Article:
Background: Severe acute pancreatitis may be protracted and some form of nutritional support is frequently required to maintain the patient's nutritional status. Recent work has suggested that enteral feeding via a jejunal route of delivery may reduce the magnitude of the inflammatory response. Insertion of nasojejunal (NJ) tubes in the patient with severe acute pancreatitis involves both delay and inconvenience. We undertook a prospective, feasibility study to assess the safety and practicability of nasogastric (NG) feeding in patients with severe acute pancreatitis.
Patients and methods: Twenty-six patients with objective evidence of severe acute pancreatitis received nasogastric feeding within 48 h of admission to our unit.
Results: Etiology was identified as cholelithiasis (18 patients), ethanol (5), and miscellaneous (3). The median Glasgow score was 4 (range 2-7), APACHE II score 10 (4-28), and C-reactive protein concentration 286 mg/L (79-469). Fifteen patients had pancreatic and/or peripancreatic necrosis. Eleven patients developed severe organ failure, necessitating ventilatory support. Six developed multiple organ system failure, requiring inotropic support and/or renal dialysis. There were four deaths (15.3%). Nine patients underwent early, and nine late, ERCP, respectively; six necrosectomy (5 proven infected necrosis, 1 continued deterioration despite maximal support) and 4 patients internal drainage of a pseudocyst. The feed was well-tolerated in 22 patients. In 3 patients gastric stasis proved troublesome. There was no evidence of clinical or biochemical deterioration on commencing nasogastric feeding.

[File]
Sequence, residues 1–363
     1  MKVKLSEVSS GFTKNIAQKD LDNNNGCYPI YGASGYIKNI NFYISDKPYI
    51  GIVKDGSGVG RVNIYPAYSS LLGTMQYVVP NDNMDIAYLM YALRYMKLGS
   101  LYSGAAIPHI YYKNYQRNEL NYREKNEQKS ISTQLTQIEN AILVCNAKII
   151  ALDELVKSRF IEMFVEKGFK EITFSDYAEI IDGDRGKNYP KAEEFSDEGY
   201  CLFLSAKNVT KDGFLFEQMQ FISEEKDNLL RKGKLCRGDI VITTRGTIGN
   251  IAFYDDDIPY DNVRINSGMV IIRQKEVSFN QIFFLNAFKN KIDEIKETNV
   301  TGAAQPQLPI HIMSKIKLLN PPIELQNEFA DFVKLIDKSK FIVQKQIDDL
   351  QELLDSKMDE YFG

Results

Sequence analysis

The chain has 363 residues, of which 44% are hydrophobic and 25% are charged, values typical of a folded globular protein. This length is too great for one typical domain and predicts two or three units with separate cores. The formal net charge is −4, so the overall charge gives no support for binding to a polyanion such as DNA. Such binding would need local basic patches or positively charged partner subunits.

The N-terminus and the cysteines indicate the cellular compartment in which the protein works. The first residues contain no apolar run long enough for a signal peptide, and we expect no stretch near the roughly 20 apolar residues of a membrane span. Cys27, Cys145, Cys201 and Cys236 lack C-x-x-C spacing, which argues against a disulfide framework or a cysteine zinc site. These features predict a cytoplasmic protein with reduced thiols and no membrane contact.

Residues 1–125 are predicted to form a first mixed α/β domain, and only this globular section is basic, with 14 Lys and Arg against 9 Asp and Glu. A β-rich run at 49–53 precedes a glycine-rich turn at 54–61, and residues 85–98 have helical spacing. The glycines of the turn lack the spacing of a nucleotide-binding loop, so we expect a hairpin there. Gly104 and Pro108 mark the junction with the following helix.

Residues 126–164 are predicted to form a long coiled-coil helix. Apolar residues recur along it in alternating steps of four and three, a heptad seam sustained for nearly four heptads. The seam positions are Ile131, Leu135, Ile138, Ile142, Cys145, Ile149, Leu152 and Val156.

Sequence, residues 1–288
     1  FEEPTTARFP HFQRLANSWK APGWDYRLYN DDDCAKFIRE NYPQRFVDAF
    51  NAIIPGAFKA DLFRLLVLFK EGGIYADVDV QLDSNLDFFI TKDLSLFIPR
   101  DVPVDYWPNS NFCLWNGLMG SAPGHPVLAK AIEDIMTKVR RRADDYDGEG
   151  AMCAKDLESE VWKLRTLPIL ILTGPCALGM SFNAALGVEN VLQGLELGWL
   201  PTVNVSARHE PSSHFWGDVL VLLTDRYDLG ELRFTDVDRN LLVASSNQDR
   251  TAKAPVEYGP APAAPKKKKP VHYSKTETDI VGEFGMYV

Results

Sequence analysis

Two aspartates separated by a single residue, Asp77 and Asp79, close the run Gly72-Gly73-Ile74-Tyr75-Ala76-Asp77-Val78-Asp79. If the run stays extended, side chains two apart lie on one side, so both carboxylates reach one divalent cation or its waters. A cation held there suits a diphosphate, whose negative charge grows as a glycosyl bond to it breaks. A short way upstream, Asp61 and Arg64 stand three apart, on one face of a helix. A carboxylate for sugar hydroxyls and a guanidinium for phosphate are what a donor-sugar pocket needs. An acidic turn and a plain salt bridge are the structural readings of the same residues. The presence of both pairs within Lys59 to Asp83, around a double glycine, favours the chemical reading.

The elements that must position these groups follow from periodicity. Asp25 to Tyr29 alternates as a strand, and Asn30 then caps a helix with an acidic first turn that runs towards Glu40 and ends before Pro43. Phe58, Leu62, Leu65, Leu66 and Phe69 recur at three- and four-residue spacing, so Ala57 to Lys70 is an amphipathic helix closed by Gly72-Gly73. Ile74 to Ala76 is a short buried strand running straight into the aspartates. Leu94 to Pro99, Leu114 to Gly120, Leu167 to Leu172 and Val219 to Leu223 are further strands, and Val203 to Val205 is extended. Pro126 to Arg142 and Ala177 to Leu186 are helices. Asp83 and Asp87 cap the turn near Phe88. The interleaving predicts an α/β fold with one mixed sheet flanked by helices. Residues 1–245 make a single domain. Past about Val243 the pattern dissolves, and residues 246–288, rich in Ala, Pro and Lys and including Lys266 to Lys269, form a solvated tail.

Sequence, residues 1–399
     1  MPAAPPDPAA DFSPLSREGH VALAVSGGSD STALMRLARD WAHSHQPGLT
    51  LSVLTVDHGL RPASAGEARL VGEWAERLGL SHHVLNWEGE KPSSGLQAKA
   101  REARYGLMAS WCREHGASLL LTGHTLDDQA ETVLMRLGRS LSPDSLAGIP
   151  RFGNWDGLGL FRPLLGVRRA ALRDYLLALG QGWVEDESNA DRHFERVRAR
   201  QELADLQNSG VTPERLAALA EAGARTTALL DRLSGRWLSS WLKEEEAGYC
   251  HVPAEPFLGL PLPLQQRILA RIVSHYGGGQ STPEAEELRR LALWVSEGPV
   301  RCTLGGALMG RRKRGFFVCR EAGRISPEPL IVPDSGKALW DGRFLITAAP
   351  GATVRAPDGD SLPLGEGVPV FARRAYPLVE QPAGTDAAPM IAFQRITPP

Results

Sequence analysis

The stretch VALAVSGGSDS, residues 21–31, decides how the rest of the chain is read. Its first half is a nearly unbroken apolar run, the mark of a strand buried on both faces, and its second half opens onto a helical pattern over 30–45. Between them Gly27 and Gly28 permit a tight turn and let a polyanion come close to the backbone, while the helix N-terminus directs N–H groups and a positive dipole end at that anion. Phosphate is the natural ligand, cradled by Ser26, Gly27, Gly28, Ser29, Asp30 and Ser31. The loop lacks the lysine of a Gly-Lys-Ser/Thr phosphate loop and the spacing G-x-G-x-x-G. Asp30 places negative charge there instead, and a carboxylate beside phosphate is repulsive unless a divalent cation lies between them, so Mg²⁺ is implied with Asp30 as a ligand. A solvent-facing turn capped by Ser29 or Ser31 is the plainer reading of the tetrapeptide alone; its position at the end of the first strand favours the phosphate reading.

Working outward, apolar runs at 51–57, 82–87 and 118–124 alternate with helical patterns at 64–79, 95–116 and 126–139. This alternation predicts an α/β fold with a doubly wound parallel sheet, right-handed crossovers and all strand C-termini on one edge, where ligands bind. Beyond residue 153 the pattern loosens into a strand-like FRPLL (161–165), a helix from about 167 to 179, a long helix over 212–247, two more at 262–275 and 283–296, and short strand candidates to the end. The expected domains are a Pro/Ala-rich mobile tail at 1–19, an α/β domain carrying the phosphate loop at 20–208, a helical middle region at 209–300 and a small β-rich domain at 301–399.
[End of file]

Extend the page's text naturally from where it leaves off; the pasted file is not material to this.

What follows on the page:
Conclusion: It would appear that early NG feeding is usually possible in severe acute pancreatitis. In most patients it appears safe, well-tolerated, and worthy of further study.